With the exception of the hushed pitter-patter of feet pressing into earth, the occasional low murmur of rather inconsequential dialogue, and a varied score that often pares down to just the soft plucking of a harp, Carroll Ballard’s The Black Stallion might as well be a silent film. A curious artifact from the unstable transitional period as the New Hollywood Cinema ceded to the early blockbuster era, the film owes the storybook simplicity of its visuals to the crystalline children’s films of Albert Lamorisse—most specifically 1952’s White Mane, with which it shares the subject of a boy-horse friendship. The breakout effort from now-ubiquitous cinematographer Caleb Deschanel, The Black Stallion is a relentless procession of lavishly framed images, each one a marvel of compact visual storytelling. Only in its latter half, when Ballard accommodates a plot progression involving a Kentucky horse trainer, does the film exercise conventional mise-en-scène with shot/reverse-shot patterns unifying a dramatic space. Before that, and especially in its lengthy sequence of courtship between the boy, Alec (Kelly Reno), and the stallion, referred to simply as “Black,” Ballard affords each deep-focus shot a concise descriptive power unto itself. The sound could be muted without any loss of comprehension.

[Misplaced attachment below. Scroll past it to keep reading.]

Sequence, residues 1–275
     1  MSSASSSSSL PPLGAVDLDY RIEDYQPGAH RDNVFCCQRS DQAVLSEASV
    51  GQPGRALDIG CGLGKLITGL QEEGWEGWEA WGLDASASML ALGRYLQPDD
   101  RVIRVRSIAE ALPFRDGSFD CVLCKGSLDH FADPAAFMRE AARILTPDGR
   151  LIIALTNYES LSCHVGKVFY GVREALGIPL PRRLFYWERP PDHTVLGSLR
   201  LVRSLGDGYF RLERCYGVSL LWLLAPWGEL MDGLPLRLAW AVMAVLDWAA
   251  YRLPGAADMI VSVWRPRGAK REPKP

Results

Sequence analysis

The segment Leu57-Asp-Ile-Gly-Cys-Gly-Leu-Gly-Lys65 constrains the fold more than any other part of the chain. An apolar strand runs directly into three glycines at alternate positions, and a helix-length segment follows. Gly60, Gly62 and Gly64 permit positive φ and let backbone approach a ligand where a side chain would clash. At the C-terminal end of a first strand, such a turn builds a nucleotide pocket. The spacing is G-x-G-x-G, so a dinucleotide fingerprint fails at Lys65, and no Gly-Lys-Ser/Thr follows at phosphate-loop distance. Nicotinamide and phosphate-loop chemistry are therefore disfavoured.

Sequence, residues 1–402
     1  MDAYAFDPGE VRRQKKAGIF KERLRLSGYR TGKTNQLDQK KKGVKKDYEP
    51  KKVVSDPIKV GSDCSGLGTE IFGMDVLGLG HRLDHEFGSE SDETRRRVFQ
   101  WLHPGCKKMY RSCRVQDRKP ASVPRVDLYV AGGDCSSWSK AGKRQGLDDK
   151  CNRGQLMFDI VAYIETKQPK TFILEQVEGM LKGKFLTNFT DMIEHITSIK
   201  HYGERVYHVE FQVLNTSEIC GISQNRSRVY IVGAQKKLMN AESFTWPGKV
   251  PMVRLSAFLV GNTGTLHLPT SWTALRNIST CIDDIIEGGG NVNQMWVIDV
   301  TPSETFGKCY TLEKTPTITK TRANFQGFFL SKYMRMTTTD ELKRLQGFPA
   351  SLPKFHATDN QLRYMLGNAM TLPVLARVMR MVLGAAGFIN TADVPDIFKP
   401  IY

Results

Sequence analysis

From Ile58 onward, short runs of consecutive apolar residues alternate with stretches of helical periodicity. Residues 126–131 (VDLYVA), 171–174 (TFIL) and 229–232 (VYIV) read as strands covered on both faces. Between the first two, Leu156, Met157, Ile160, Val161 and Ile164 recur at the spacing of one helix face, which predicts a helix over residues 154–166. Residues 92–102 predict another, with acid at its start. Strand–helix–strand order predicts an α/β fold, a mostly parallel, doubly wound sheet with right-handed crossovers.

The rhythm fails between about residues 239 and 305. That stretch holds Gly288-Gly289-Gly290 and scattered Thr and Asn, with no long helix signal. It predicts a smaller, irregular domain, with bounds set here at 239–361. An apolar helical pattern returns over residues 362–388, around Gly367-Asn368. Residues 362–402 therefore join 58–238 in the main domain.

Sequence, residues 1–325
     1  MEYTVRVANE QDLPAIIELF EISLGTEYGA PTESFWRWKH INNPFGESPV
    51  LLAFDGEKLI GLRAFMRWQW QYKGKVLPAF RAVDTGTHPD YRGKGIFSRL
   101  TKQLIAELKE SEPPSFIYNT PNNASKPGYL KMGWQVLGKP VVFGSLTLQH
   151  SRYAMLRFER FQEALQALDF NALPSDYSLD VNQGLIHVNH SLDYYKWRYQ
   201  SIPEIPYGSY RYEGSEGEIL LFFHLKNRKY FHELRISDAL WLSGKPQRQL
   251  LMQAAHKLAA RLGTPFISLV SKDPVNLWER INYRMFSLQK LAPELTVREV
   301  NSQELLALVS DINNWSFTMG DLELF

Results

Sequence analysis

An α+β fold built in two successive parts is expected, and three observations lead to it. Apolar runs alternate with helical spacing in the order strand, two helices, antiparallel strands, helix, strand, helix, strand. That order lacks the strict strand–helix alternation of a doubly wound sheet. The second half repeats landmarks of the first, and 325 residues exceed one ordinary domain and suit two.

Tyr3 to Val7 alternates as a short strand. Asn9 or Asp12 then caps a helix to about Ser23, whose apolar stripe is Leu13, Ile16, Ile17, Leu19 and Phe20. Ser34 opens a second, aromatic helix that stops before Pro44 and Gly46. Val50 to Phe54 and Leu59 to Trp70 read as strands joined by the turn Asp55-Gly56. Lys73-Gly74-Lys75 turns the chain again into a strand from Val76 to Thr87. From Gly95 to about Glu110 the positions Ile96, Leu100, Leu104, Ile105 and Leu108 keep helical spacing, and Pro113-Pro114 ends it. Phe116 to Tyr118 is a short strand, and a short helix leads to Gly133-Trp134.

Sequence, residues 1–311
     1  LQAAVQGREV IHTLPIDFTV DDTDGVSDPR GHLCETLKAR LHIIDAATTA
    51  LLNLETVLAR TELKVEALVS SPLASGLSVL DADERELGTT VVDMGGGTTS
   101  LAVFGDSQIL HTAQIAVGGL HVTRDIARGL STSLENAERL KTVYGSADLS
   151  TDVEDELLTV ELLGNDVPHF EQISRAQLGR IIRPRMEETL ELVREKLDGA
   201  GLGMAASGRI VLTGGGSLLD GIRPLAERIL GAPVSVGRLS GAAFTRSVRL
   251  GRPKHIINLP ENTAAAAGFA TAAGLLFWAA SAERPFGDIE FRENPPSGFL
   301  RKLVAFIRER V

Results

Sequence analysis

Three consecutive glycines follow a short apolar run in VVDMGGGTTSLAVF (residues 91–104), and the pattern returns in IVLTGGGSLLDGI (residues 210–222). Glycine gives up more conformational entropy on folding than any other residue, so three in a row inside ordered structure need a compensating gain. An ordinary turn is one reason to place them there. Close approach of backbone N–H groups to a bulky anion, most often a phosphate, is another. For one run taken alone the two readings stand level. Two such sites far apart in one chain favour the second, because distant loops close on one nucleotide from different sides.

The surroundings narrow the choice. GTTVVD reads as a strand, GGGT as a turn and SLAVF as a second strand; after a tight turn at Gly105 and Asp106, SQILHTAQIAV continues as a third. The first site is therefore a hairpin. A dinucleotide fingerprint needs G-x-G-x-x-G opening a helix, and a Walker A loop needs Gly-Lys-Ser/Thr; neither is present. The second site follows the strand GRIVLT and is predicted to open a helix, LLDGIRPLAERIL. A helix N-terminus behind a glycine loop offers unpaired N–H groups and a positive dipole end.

Certainly, this sort of fawning directorial strategy tends to draw accusations of empty prettifying, as though the narrative could have been rendered as a coffee-table book without taking a hit in aesthetic impact. And, truthfully, a handful of moments in The Black Stallion do feel catatonically picturesque; sometimes when Ballard cuts away to one of Deschanel’s many flawlessly framed but fairly anonymous sunset shots, there’s a sense of dramatic momentum stopping dead for oohing and aahing. But more often, the pictorial flair functions as an expression of a naïve, enraptured childlike perspective. It’s clear after the string of fantastic events that incite the plot that we’re well within the fairy-tale logic of a young boy: The ship Alec is traveling on with his father and a bunch of brutish gamblers is tragically set aflame, and in one of those improbable turns of events that happen only in movies and dreams, he and the stallion wash up to shore alive.
Ballard creates an amorphous rhythm with the use of slow dissolves from scene to scene, and responds to the emotional fluctuations in his central character through minute shifts in editing tempo and musical cadence (the eclectic score by Carmine Coppola straddling both Wagnerian bombast and minimalist tribal sounds). Just as the high points of Alec’s journey are communicated through the sympathetic filmmaking as triumphant exaltations (when he learns to ride Black on the gleaming shores of Italy, for instance, the moment is captured as a series of breezy traveling shots at various glorifying angles), the low points register as correspondingly nightmarish. Shot via a rare detour into handheld camerawork, the smoky, infernal chaos of the shipwreck vignette prefigures the horrors of Titanic without any of the protracted schmaltz.